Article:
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  15. I love seagulls. Looks like I am in the minority. I grew up on Cape Cod and live near the coast now as an adult, so I see gulls daily. They are only pests because humans made them that way. It is simply because they ARE so intelligent and adaptable that they figured out how to make the most of their coexistence with human beings. If we didn’t feed them junk for our own entertainment and jollies, the gulls wouldn’t behave in such a greedy, annoying way.

    When I went to Martha’s Vineyard this past weekend (you have to take a ferry from the mainland), a gull perched itself right on top of the mast the entire trip. He got a free ride over to the island. Now, I’m telling you. That’s a dang smart bird.

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    • Welcome into the minority group with me! I was very pleased to find another gull appreciator, thank you. I love the gull hitching a ride across to the island 🙂 I don’t know anything about Martha’s Vineyard, but I always like the sound of it – I think we hear about it over hear as being somewhere that presidents go for a short break so we imagine it must be very fancy!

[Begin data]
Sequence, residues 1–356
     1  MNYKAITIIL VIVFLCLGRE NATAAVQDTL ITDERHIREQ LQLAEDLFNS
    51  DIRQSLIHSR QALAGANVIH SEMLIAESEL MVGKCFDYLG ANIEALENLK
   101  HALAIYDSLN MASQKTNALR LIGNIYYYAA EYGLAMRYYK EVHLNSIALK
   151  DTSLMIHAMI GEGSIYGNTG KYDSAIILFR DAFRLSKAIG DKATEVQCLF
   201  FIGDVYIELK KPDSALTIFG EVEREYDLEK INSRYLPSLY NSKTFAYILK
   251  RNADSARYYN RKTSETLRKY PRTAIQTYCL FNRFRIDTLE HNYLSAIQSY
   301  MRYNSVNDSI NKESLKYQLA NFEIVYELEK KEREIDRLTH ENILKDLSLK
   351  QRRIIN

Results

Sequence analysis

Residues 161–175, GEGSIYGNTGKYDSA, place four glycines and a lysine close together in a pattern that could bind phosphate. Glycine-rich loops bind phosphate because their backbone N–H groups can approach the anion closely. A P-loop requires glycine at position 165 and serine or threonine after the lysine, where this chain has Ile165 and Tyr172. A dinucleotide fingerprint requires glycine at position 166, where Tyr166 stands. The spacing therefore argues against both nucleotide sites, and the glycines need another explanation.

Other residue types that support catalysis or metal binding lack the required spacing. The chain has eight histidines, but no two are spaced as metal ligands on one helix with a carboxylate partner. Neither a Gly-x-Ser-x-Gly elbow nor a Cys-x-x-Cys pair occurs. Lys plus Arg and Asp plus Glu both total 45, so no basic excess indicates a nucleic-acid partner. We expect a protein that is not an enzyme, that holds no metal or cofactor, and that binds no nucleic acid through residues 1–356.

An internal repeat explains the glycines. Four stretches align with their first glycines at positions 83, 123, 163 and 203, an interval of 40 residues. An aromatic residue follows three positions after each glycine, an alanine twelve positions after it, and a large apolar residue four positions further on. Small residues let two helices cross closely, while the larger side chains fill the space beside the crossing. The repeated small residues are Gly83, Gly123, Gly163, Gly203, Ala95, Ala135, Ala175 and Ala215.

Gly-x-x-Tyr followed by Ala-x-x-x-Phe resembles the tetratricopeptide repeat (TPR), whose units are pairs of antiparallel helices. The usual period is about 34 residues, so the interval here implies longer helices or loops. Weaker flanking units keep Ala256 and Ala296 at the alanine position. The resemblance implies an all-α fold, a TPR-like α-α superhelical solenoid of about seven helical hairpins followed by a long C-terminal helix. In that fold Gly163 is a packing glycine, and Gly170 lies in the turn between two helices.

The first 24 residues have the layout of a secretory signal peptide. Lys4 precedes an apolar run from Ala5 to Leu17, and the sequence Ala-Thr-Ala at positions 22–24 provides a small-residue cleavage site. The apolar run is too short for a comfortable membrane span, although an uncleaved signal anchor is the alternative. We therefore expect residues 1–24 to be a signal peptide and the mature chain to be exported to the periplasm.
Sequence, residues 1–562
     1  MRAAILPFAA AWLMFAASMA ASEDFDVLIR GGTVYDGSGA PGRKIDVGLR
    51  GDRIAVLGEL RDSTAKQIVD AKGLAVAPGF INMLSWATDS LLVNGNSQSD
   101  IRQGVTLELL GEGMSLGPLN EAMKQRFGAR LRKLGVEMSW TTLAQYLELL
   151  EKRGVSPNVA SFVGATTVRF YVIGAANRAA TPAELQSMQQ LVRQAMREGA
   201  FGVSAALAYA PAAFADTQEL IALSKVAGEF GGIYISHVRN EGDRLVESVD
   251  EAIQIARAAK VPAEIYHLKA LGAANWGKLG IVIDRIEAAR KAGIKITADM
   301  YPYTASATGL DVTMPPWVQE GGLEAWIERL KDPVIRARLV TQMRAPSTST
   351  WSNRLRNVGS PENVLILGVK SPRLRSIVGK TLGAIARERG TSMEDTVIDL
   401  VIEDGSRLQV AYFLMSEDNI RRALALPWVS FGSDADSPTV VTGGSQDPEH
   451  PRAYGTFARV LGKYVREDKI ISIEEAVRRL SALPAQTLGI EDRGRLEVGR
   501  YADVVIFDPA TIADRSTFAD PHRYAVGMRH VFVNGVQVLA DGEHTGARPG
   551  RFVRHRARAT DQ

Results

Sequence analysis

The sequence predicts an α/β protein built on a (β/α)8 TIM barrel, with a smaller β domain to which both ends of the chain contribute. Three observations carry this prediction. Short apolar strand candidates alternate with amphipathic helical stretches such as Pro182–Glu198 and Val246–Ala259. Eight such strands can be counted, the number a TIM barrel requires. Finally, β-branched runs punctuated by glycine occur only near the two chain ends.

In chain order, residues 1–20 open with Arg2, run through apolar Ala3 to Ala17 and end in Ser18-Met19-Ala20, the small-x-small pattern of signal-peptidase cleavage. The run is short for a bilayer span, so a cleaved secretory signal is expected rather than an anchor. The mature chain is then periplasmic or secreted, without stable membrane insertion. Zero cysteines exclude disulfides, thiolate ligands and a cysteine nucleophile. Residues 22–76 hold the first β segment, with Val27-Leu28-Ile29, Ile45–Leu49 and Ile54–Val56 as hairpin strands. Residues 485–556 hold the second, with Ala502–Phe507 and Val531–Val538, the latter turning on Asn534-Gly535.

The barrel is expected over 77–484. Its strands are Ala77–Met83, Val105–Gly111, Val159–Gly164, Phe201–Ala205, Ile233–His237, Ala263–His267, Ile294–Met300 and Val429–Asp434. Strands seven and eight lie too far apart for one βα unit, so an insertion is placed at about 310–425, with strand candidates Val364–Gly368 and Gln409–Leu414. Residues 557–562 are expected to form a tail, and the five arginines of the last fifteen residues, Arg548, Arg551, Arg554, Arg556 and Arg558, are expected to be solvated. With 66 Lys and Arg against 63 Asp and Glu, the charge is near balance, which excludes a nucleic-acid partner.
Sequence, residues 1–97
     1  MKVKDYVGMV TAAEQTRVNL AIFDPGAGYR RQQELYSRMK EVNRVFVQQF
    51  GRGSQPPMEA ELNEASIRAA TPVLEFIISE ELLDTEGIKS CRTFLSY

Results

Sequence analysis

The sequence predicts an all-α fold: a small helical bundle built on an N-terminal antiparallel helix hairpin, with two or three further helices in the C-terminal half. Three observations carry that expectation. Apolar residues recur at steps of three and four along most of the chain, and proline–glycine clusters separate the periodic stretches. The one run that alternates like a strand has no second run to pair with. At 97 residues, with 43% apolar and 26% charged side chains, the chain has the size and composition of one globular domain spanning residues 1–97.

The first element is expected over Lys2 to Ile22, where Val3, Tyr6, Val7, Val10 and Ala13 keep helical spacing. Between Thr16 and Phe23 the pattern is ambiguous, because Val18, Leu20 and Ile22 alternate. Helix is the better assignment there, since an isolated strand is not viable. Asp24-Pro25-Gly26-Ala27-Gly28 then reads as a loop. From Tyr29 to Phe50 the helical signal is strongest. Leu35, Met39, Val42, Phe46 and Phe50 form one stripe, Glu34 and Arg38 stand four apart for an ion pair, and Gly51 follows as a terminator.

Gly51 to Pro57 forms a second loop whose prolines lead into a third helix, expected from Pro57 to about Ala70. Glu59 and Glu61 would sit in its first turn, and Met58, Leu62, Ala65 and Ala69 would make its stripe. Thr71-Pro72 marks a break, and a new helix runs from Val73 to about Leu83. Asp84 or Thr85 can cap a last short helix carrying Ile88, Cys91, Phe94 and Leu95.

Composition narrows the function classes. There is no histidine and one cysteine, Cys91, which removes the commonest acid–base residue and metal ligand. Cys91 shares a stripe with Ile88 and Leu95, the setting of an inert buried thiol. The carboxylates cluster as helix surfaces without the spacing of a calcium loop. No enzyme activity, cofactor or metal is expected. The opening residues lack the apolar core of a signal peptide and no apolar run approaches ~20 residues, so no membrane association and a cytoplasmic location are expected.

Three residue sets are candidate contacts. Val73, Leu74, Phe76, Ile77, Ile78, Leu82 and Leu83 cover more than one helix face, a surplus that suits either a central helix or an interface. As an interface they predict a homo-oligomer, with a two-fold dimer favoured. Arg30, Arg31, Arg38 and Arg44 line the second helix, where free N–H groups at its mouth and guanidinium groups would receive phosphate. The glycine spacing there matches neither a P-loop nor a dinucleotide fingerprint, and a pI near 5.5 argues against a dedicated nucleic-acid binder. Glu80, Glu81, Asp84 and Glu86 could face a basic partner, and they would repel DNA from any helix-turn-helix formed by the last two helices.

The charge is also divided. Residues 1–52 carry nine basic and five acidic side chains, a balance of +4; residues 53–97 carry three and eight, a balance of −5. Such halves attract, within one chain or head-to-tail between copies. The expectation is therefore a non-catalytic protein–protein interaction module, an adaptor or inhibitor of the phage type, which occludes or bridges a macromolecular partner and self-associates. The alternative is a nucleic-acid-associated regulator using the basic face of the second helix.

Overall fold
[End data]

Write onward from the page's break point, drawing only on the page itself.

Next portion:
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      • Yes, the vineyard, in some places is quite fancy but there are plenty of working-class areas, too. If you want to get really serious about exquisite, upscale, island living, then Nantucket is the place to check out. That is near Martha’s Vineyard, and you have to take a ferry there from the mainland as well.